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Mortgage Rates Rise to 6.7%, Highest Since 2007

Mortgage rates rose to their highest level in more than 15 years, a new high since the 2008-09 financial crisis that adds pressure to the already cooling U.S. housing market.

The average rate on a 30-year fixed mortgage climbed to 6.7%, according to a survey of lenders released Thursday by Freddie Mac. lt was the highest rate since July 2007 and marked the sixth week in a row of rising rates.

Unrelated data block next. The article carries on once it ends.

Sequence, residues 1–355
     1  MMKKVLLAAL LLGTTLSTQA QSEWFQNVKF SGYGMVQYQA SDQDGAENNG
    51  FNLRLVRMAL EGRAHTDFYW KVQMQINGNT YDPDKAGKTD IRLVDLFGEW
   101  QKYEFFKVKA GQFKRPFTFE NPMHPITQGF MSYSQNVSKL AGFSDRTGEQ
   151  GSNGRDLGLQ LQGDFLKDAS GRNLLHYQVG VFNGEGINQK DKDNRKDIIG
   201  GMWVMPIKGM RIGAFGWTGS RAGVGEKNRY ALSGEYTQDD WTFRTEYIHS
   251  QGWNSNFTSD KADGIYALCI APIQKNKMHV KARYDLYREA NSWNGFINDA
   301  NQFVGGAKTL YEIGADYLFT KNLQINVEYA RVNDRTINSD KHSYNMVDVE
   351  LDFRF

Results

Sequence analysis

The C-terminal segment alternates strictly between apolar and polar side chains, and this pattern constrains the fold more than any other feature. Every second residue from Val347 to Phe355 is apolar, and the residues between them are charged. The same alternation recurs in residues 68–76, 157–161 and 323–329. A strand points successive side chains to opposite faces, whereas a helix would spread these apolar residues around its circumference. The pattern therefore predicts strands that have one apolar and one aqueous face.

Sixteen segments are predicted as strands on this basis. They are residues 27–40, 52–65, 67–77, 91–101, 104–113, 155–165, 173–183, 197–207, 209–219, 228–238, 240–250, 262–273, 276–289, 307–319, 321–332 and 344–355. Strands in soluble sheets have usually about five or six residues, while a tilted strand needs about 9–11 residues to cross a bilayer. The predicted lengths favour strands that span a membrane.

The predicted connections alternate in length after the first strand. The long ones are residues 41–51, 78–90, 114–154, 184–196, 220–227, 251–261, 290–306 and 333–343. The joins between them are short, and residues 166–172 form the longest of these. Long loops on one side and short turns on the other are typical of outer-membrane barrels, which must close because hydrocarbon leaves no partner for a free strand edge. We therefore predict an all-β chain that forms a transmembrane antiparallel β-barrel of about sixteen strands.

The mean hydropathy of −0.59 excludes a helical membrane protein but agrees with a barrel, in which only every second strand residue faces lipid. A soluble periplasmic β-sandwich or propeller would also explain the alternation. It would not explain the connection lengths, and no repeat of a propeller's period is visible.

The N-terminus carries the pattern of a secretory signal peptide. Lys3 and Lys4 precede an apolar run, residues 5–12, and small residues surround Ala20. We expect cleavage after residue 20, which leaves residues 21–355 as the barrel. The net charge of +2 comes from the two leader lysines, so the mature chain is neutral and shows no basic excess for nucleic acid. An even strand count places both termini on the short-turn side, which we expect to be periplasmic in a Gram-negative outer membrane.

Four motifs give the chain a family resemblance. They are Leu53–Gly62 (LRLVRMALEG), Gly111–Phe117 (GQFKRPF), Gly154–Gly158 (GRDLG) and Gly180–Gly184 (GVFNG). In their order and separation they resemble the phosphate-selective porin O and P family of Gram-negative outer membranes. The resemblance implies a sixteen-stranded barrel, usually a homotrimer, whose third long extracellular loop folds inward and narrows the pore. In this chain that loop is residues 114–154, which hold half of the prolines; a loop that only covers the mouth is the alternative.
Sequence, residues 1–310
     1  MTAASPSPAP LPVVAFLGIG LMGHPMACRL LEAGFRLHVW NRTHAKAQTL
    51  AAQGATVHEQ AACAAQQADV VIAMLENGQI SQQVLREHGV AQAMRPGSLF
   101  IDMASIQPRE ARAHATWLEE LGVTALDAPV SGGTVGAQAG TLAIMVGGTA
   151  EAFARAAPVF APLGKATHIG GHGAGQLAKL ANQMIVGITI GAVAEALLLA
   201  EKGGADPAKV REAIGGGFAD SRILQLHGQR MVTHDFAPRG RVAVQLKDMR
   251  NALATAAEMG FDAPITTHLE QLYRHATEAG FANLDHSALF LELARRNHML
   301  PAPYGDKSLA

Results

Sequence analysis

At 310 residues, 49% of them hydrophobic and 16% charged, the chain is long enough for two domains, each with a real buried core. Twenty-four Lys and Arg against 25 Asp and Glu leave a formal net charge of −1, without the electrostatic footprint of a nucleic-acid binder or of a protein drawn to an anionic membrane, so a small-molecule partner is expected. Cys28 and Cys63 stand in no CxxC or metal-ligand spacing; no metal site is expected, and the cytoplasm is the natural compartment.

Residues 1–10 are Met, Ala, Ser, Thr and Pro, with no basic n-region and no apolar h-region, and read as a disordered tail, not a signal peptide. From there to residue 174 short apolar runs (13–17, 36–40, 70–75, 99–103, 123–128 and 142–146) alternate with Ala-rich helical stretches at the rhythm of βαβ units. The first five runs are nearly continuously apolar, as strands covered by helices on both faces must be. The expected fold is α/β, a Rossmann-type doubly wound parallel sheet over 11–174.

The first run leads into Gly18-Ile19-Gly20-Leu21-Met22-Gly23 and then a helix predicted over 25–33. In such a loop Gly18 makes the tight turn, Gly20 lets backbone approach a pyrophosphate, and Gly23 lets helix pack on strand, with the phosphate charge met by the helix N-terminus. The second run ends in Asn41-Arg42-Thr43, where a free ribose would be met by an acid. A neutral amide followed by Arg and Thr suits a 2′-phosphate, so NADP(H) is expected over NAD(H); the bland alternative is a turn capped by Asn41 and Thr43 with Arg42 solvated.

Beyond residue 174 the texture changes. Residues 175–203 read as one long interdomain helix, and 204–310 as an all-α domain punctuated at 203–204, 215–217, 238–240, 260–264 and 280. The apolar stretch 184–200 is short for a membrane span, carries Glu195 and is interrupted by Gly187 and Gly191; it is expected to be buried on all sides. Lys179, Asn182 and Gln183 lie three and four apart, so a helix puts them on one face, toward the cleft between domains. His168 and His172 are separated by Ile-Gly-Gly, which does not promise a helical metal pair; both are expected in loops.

This week’s rate was up from 6.29% last week. Moves that large in a single week have occurred only a handful of times since Freddie Mac started tracking them more than 50 years ago. A year ago, rates were 3.01%. The surge in mortgage rates follows a series of interest-rate increases from the Federal Reserve. The central bank has moved aggressively to try to cool the highest inflation in decades, raising its benchmark rate five times this year. Officials have indicated more increases are likely in the months ahead. Mortgage rates usually rise or fall in tandem with the benchmark 10-year Treasury yield, not the rate set by the Fed, but the 10-year yield is heavily influenced by expectations for Fed rates. The 10-year yield has ricocheted this week during broad turmoil in the bond markets. On Wednesday, the 10-year yield briefly touched 4%, its highest in more than a decade. It fell sharply later that day, notching its biggest one-day decline since 2009. The uncertainty has widened the gap between what various lenders are offering, Freddie Mac chief economist Sam Khater said in a statement. “The large dispersion in rates means it has become even more important for homebuyers to shop around with different lenders.” Interest rates have a major influence on housing because they significantly affect a buyer’s monthly payment. “If you look at the big picture of where we stand today versus where we were entering this year, we’re in a vastly different affordability environment,” said Andy Walden, vice president of enterprise research at mortgage-data firm Black Knight. ‘The large dispersion in rates means it has become even more important for homebuyers to shop around with different lenders.’ — Freddie Mac chief economist Sam Khater With rates rising so much this year, some would-be buyers have given up and decided to keep renting. Others are spending much more on their monthly payments than they had planned. Some existing homeowners are reluctant to sell, since that could mean taking on a new mortgage with a significantly higher rate. Jason Carian, 34, sold his home in Boise, Idaho, in April to move to southern California, where his family lives. He had refinanced his mortgage in 2020 at a 2.5% interest rate but knows he won’t get anything close to that now. He now expects to put off buying a new house for at least a year. “I think it’s probably a good time to be a renter,” said Mr. Carian, who works as an account executive for a software company. Should You Rent or Buy a Home? YOU MAY ALSO LIKE Should You Rent or Buy a Home?Play video: Should You Rent or Buy a Home? Economists have long said that renting and investing in the stock market is a better investment than owning a house, and in 2022 that could be especially true. WSJ’s Dion Rabouin explains. Photo illustration: Elizabeth Smelov Would-be buyers are being forced to reckon with their diminished buying power in a number of ways. Take, for example, a buyer in San Diego with a $3,000 monthly budget for housing. About a year ago, that buyer could have purchased a 1,373-square-foot home, according to real estate brokerage Redfin. Today, a buyer with that same budget could get only a 931-square-foot home. Existing-home sales have dropped for seven months in a row through August. Home prices are still rising on a year-over-year basis, but the pace of growth has slowed, and prices are starting to decline month over month. The higher rates have also made refinancings an unattractive proposition. Applications to refinance are down nearly 85% from a year ago, according to data released Wednesday by the Mortgage Bankers Association. The drop-off is forcing some mortgage lenders to cut jobs or even close shop, since refinancings made up the bulk of originations during the pandemic. The MBA expects mortgage originations to drop 48% to $2.3 trillion this year, dragged down by a 73% decline in refinancings.

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